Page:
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Congratulations to Butterfields Community Care.

The final organisation to receive an Outstanding rating in June from the CQC is Butterfields Community Care.

Very well done to Mr Michael John Durrant (Registered Manager), Mr Jon Redrup (Nominated Individual) and the team at Butterfields.

Below is what the CQC summarised.

About the service

Butterfields Community Care is a domiciliary care agency, which specialises in providing end of life care services for people in their own homes across Somerset. At the time of our inspection the service was supporting 54 people.

People are referred to Butterfields Community Care by Somerset Continuing Health Care (CHC) team following an assessment of their end of life needs. The service provides multiple day time visits and night sitting services, according to people’s changing needs.

CQC only inspects where people receive personal care. This is help with tasks related to personal hygiene and eating. Where they do, we also consider any wider social care provided. All those currently using the service were receiving support with personal care.

People’s experience of using this service and what we found

The service was distinctive and innovative as it provided specialist end of life care to people living at home, who wanted to remain at home. People could be confident that at the end of their lives they would receive high quality compassionate care from skilled staff.

The service was planned and provided care in a way that met the needs of local people and the communities served. Commissioners of this service told us, “Butterfields have provided day and night care for our patients under the NHS Continuing Healthcare fast track funding for quite a while now. The agency has made some vast improvements and are dedicated to caring for end of life patients in Somerset. I truly believe that without the services of Butterfields there would be a significant unmet need for end of life care across Somerset”.

Care and support were tailored around people’s individual needs and preferences. People described an end of life service which was adaptable and flexible.

Feedback about this service was unanimously positive. The care and support provided to people and their families often exceeded expectations. Everyone we spoke with described staff as exceptionally kind, caring and very compassionate.

People were valued and as a result they felt very well cared for. Comments from relatives included, “I would like to express my sincere and grateful thanks to the Butterfield carers; their kindness and dedication to caring was absolutely wonderful” and “You could tell they really cared it wasn’t just a job to them”.

Staff felt equally respected and valued by the directors and senior management team. The provider was passionate about ensuring that they suitably rewarded staff employed at the service for their continuous contribution. All responses from staff were positive about their working environment. Staff displayed a high level of commitment and motivation for their role. All staff responding with feedback told us how much they loved their job and that it was a privilege to provide care at such an important time for people.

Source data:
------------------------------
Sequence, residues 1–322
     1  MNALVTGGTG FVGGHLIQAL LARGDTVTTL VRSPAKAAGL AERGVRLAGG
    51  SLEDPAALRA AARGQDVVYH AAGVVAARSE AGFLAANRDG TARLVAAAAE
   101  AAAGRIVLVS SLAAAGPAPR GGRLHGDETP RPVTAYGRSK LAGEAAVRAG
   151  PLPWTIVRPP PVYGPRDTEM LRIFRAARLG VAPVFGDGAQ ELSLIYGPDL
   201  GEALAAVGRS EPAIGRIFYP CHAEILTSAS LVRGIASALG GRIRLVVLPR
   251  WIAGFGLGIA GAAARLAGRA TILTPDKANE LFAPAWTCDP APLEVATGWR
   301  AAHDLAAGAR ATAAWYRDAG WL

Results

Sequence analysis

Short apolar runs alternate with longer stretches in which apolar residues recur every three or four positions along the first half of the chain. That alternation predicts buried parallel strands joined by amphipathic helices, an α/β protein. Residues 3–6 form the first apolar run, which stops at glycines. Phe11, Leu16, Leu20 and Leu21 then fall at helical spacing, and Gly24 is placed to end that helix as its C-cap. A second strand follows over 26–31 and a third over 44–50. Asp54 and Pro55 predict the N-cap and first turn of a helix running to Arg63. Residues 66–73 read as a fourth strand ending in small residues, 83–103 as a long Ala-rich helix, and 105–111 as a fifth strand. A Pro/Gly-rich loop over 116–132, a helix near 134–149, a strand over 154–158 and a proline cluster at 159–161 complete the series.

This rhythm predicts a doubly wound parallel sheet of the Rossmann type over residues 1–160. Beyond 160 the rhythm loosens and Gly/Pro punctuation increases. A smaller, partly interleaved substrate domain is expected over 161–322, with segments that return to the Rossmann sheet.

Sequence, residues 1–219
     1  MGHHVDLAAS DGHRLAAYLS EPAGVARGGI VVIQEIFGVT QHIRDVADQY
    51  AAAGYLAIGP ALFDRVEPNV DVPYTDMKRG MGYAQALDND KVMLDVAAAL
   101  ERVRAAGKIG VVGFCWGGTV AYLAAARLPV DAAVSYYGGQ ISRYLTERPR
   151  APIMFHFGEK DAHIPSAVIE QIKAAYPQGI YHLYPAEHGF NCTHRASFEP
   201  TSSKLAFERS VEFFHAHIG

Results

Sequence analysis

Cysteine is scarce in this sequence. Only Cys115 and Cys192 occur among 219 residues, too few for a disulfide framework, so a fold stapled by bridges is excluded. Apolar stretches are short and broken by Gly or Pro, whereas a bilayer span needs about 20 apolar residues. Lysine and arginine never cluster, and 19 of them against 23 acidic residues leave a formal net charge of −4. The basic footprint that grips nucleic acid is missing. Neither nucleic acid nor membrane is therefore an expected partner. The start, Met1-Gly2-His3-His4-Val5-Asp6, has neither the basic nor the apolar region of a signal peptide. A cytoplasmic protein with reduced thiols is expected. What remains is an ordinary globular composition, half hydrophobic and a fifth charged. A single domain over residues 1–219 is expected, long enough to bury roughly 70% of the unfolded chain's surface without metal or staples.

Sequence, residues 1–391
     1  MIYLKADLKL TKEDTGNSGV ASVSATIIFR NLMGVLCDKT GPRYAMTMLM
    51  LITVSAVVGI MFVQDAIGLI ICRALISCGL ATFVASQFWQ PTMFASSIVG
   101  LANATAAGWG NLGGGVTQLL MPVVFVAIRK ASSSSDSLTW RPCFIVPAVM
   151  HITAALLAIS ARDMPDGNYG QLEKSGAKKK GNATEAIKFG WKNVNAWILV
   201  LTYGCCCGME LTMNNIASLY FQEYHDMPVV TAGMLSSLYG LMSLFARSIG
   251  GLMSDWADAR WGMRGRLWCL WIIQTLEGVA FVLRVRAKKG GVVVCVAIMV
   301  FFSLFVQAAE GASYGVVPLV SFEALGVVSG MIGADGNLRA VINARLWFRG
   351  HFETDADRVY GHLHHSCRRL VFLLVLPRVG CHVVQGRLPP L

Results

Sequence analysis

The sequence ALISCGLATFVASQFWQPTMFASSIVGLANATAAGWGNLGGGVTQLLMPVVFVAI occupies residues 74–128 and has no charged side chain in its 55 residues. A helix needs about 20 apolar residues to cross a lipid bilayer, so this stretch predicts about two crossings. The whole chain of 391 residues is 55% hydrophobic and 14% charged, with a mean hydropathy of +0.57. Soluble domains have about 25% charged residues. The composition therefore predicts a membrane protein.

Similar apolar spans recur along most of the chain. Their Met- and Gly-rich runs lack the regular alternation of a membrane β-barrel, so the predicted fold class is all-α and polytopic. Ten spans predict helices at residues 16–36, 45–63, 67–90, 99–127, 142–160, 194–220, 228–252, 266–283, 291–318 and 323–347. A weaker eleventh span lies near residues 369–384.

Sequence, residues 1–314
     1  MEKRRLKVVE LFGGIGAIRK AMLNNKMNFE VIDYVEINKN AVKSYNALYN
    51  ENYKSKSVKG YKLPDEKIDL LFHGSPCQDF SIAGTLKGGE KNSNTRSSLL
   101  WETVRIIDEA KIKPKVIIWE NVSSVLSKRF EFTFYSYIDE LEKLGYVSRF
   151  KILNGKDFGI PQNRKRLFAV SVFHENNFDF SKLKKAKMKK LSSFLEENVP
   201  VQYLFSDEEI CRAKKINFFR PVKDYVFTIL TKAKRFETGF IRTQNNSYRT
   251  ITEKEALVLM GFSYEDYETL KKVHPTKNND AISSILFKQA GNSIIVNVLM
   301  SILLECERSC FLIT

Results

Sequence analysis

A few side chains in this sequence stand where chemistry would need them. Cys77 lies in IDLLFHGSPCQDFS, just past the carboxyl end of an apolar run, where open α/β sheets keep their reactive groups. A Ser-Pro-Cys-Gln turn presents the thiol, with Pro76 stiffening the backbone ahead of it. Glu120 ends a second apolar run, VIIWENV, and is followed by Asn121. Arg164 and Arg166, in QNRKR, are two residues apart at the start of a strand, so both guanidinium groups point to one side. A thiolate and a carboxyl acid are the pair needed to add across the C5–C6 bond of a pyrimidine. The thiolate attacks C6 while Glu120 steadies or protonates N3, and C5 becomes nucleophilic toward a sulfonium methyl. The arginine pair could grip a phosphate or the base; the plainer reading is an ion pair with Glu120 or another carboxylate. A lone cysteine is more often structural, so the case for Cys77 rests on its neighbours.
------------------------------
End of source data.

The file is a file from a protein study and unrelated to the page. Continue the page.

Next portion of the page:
The provider promoted a positive culture that was person-centred, open, and inclusive. They had a clear vision for the service to make people’s experience of end of life care the best it could possibly be. It was clear staff also shared that vision.

The service worked in partnership with health and social care commissioners to develop services in response to the changing needs of local people. One professional said, “Butterfields are the most proactive agency I know”.

People were protected from the risk of abuse because the provider was committed to ensuring people felt safe when receiving the service. The registered manager and staff team were very responsive to changing situations, especially where a person had been identified as being at risk. Risks to people’s health, safety and well-being were assessed, and measures were in place to reduce the risks.

The provider minimised risks to people by making sure only suitable staff were employed. Staff were deployed effectively to ensure people received the care and support they required.

People were safely supported with their medicines. Staff received training in medication administration and competency assessments were completed to ensure practice was safe.

The provider had arrangements to ensure people were protected by the prevention and control of infection. Infection prevention and control policies kept people safe and staff had received training in infection prevention and control.

People’s needs had been assessed and documented. People received effective care and support from staff who had the skills and knowledge to meet their needs as staff received the necessary training to be able to work safely and effectively. Staff worked closely with social and healthcare professionals as well as other organisations to ensure people received a coordinated service.

People were supported to have maximum choice and control of their lives and staff supported them in the least restrictive way possible and in their best interests; the policies and systems in the service supported this practice.

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